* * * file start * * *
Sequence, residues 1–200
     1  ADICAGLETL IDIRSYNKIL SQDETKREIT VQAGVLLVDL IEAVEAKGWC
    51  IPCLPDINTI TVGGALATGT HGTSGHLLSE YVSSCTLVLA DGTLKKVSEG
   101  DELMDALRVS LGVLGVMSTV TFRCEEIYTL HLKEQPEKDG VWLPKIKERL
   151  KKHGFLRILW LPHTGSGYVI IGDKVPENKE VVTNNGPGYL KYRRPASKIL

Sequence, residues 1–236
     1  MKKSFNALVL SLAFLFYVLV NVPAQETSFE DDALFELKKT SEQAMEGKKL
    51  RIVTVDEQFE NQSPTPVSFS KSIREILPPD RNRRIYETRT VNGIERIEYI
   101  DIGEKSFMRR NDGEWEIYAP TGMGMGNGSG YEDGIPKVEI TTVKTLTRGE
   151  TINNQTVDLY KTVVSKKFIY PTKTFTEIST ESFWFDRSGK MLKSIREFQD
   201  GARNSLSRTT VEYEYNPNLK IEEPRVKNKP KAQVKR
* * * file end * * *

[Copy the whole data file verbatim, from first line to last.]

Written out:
Sequence, residues 1–200
     1  ADICAGLETL IDIRSYNKIL SQDETKREIT VQAGVLLVDL IEAVEAKGWC
    51  IPCLPDINTI TVGGALATGT HGTSGHLLSE YVSSCTLVLA DGTLKKVSEG
   101  DELMDALRVS LGVLGVMSTV TFRCEEIYTL HLKEQPEKDG VWLPKIKERL
   151  KKHGFLRILW LPHTGSGYVI IGDKVPENKE VVTNNGPGYL KYRRPASKIL

Sequence, residues 1–236
     1  MKKSFNALVL SLAFLFYVLV NVPAQETSFE DDALFELKKT SEQAMEGKKL
    51  RIVTVDEQFE NQSPTPVSFS KSIREILPPD RNRRIYETRT VNGIERIEYI
   101  DIGEKSFMRR NDGEWEIYAP TGMGMGNGSG YEDGIPKVEI TTVKTLTRGE
   151  TINNQTVDLY KTVVSKKFIY PTKTFTEIST ESFWFDRSGK MLKSIREFQD
   201  GARNSLSRTT VEYEYNPNLK IEEPRVKNKP KAQVKR